Tree house case climbs toward Supreme Court

Treehouse
The tree house still stands beachside in Holmes Beach as its owners await word from Washington D.C. if the Supreme Court will hear the case. - Kristin Swain | Sun

HOLMES BEACH – The tree house case may be heard by the highest court in the land. Owners Richard Hazen and Lynn Tran have petitioned the United States Supreme Court to hear the case.

The hope of Tran and Hazen is that the Supreme Court will agree to hear the case and overrule a previous decision made in the city’s favor.

City leaders have demanded the tree house be removed. Tran said she’s applied for a demolition permit but she hopes she never has to use it. The attempt to move the case to the Supreme Court is a last-ditch effort by the owners to save the tree house from the wrecking ball. The legal battle between the city and Hazen-Tran has been ongoing for several years after the two-story structure was built in an Australian pine tree on the edge of the Angelenos Sea Lodge property.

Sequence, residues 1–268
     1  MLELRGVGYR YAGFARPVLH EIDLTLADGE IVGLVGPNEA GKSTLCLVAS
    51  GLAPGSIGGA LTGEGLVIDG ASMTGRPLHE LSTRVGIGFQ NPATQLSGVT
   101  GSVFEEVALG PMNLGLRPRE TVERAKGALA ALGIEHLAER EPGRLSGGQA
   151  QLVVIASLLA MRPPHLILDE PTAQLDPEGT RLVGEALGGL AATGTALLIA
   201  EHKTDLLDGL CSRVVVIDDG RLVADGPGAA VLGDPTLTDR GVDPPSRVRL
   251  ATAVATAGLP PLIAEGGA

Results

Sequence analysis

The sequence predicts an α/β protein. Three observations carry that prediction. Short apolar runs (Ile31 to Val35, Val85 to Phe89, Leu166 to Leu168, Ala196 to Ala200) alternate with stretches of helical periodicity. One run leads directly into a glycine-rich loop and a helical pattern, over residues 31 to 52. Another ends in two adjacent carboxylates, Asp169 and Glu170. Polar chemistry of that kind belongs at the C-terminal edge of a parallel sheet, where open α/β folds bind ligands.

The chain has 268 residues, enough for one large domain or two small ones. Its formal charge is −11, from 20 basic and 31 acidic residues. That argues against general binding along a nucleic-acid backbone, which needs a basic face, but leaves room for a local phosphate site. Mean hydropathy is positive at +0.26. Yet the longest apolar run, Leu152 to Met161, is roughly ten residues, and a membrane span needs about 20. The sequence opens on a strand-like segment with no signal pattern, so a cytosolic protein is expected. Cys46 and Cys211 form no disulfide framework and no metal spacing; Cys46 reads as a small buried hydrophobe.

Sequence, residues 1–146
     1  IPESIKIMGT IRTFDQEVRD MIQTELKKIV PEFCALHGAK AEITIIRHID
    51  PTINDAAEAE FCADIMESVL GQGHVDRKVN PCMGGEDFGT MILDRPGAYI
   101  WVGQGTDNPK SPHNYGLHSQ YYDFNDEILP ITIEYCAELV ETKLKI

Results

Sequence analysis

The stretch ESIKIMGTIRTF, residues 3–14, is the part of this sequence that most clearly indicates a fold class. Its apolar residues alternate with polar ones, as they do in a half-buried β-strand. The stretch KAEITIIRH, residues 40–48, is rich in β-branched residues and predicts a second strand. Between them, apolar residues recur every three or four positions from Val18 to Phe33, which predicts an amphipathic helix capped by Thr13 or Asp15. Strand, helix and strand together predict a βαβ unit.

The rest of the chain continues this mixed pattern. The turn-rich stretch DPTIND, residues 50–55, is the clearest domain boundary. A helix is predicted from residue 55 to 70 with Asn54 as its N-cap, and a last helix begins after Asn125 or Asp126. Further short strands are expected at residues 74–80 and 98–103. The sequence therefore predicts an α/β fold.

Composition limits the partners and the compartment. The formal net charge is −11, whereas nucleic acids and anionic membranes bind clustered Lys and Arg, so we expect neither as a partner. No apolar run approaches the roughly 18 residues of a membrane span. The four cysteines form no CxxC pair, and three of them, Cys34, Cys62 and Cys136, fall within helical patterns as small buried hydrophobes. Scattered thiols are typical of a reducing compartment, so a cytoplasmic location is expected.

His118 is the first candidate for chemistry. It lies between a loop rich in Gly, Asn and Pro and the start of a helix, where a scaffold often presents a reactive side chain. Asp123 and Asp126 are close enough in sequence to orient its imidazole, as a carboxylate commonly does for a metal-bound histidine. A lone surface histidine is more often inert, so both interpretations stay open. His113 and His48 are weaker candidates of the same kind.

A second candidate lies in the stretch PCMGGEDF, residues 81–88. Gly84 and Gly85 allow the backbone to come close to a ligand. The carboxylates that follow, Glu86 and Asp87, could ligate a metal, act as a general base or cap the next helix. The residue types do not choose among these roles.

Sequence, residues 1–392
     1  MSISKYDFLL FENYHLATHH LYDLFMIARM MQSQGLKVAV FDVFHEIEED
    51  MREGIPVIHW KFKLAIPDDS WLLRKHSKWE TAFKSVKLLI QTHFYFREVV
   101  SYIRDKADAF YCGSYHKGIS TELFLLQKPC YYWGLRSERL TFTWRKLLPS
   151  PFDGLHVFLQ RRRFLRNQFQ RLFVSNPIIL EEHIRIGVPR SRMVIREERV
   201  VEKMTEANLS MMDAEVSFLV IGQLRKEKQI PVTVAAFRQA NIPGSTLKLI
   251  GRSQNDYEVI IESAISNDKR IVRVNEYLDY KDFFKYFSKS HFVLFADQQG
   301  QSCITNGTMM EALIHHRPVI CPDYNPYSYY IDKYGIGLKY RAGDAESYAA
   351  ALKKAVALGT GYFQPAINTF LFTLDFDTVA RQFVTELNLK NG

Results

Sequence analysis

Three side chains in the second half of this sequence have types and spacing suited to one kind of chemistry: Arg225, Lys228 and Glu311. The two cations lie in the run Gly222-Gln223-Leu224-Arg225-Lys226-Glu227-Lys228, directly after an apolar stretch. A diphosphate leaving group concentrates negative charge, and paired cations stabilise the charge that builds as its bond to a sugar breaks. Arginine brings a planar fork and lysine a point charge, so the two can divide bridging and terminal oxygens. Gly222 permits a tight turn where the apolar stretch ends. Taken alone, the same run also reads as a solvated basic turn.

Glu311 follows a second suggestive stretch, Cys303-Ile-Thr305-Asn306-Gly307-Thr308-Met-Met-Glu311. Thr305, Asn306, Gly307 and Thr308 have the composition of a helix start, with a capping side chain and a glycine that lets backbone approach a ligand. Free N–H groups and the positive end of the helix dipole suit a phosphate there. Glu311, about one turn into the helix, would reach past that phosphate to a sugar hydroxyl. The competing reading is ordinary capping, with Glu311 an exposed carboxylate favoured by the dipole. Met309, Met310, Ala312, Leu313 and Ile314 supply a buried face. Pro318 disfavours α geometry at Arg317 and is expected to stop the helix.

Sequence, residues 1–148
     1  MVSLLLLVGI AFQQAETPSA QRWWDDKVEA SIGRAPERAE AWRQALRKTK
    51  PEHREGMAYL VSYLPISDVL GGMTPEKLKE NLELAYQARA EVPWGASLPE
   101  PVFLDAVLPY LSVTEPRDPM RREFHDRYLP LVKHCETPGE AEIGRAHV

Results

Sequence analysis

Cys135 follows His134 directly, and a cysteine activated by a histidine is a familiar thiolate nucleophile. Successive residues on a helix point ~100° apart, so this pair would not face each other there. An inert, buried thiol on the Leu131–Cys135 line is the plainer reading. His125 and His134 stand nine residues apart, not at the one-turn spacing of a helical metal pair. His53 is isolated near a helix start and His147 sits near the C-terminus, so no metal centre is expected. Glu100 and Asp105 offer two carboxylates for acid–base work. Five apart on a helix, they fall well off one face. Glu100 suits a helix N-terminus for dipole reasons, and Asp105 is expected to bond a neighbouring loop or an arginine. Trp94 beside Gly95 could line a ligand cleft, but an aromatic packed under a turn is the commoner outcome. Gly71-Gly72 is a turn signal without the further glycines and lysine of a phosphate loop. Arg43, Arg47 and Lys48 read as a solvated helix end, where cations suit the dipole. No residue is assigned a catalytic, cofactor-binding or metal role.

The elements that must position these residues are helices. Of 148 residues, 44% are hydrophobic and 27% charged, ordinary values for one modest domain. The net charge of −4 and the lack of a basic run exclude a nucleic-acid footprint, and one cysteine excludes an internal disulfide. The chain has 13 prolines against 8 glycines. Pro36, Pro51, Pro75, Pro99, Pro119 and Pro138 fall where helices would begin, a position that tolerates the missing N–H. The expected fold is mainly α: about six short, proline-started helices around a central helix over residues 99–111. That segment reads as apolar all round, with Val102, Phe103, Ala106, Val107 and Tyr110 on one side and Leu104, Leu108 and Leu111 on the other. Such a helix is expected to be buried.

Attorney Jim Dye, representing the city, said in a Nov. 22 e-mail to Mayor Bob Johnson there’s no set timeline for the court to review the case. Typical procedure is for the justices’ clerks to review all briefs for certiorari review before passing them along to the justices, who have the final say on whether or not the case is heard. Dye said the Supreme Court typically only hears cases pertaining to federal issues. Thus far, a federal issue has not been raised in the tree house case.

This new motion is not to ask for a judgment by the court but rather to determine if the court will devote any time and effort in hearing the case.